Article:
Can we be innovative? The above mentioned definition emphasises originality and uses the words, unusual and innovative. This is not restricted to the Literati style of Bonsai. Every tree has different growing conditions, trunk shapes, branch structures and foliage patterns. Even trees within the same species show different characteristics. Just as one artist can paint many different paintings, Bonsai artists can design and create many different forms of trees either within one species or across many different species.

A lot of people that I encounter, do not think that they are particularly talented when it

comes to creativity. When asked whether they have explored it, the answer is usually negative, followed by a whole lot of different reasons of why it is not happening for them. It is interesting that out of these conversations a large proportion of people identify that they cannot remember them ever being creative and except for early drawings and fooling around with paint, this aspect of their lives were just never explored or developed. Many literature sources that I have encountered ask the question “Is Creativity Learnable or Teachable?”. The answers range from “it is in our nature to be creative” to “we use our imaginations all the time” to “”creativity skills are learnable with training”.

This training can take many different forms. I learnt first through exposure to watching my father work with his Bonsai, to helping him with some tasks, to starting my own Bonsai and later reading profusely and learning from other more advanced artists. We know that Bonsai professionals usually undergo a long apprenticeship period, but these days learning can take place wherever, whenever and at the pace of the learner. Advances in technology have made this possible and it is possible that one can advance to a very high level of understanding and expertise without having to go through a lengthy apprenticeship. I still do believe that some form of exposure to good technique, skill and understanding is important for one to advance your own level of artistry and creativity.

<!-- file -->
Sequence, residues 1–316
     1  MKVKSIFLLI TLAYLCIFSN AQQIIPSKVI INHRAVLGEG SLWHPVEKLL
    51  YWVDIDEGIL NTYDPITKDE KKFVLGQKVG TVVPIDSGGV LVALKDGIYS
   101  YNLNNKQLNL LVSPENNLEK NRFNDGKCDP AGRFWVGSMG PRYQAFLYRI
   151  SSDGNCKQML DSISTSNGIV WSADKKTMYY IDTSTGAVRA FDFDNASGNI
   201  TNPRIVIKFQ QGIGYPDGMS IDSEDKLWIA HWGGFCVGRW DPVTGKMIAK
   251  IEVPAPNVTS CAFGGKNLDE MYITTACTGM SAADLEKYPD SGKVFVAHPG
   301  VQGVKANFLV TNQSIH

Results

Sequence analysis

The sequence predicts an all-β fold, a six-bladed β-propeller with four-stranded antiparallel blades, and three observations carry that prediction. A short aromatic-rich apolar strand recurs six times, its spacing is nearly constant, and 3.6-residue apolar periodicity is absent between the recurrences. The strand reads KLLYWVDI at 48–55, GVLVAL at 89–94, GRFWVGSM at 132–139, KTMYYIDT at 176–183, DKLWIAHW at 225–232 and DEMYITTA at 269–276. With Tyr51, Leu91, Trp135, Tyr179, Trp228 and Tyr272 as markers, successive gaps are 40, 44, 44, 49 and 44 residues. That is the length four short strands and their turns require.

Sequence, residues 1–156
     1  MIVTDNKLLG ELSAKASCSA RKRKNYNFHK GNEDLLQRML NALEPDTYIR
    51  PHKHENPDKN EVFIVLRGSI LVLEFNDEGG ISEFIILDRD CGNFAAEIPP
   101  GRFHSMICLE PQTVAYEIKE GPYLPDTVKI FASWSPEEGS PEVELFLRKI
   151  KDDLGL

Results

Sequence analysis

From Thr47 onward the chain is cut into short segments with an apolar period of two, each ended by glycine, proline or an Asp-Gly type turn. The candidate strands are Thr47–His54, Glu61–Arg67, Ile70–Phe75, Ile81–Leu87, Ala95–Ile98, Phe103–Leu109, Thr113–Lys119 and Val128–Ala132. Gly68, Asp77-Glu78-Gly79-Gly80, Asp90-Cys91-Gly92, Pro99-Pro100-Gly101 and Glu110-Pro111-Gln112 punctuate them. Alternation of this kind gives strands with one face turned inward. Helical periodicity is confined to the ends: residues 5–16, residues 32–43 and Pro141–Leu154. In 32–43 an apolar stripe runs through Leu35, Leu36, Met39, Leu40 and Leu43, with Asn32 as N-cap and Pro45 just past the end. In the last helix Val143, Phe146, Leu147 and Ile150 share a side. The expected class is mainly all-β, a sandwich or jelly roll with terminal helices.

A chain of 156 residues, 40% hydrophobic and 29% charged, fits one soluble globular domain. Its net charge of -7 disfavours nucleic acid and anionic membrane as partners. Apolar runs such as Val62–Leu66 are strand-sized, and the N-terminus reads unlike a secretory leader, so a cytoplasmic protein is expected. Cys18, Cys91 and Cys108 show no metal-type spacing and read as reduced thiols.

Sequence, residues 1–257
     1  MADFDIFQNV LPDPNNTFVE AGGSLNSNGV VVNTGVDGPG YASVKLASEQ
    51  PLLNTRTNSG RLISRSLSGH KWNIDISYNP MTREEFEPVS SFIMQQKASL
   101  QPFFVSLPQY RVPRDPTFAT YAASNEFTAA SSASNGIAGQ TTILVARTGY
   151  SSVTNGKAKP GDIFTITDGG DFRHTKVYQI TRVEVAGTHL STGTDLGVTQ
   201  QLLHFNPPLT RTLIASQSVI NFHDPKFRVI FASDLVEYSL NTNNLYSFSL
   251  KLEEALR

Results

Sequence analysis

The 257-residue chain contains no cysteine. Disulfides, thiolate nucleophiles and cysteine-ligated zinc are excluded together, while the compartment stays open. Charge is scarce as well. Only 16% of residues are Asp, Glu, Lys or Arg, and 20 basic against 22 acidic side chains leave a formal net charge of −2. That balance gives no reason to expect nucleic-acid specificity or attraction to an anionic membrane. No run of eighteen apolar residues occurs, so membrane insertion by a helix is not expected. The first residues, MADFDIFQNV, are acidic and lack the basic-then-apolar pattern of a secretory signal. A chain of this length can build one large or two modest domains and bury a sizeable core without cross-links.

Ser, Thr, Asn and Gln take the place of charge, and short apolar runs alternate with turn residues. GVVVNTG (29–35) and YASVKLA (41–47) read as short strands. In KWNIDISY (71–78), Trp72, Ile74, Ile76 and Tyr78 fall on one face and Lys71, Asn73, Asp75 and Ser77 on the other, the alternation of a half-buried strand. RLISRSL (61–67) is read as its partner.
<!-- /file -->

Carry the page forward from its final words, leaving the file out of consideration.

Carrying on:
IMG_0275You will probably not develop a very high skill level by just reading or just watching other people engaged in the practice of Bonsai. Learning is an active process. You need practice, you need to do and you need to get feedback to enable you to learn. Another great way of learning is when you start to share your knowledge and skill with others. In other words, teaching. Learning is a very interesting area of science. It is all about establishing neural pathways within your nervous system. The more you do something or interact with it, the easier data flows along these pathways and it can become an automatic response. Can you imagine how hard it will be if you have practiced the wrong technique over and over again and then have to unlearn it to enable you to learn the correct one. This is another reason why we do need exposure to others to establish these neural networks. Learning is also a social practice.

In summary then. We are all creative, we all need an outlet for our creative spirit, Bonsai can provide that outlet and we can all learn to become more creative and to express this in Bonsai as an art form.

Applications:

  • Read profusely.IMG_0268
  • Watch many videos.
  • Get to know the foundations and rules of Bonsai (only to bend them later).
  • Join a club.
  • Visit and talk to other Bonsai artists.
  • Create and maintain your own Bonsai.

References

Poreba, D.M. (2015) Unlocking your Creativity. New York: Penquin Random House (Alpha Books). 318p.

Fisher, D. & Frey, N. (2013) Better learning through structured teaching. Vancouver (USA): ASCD Press. 158p.

Deadwood inspiration from Driftwood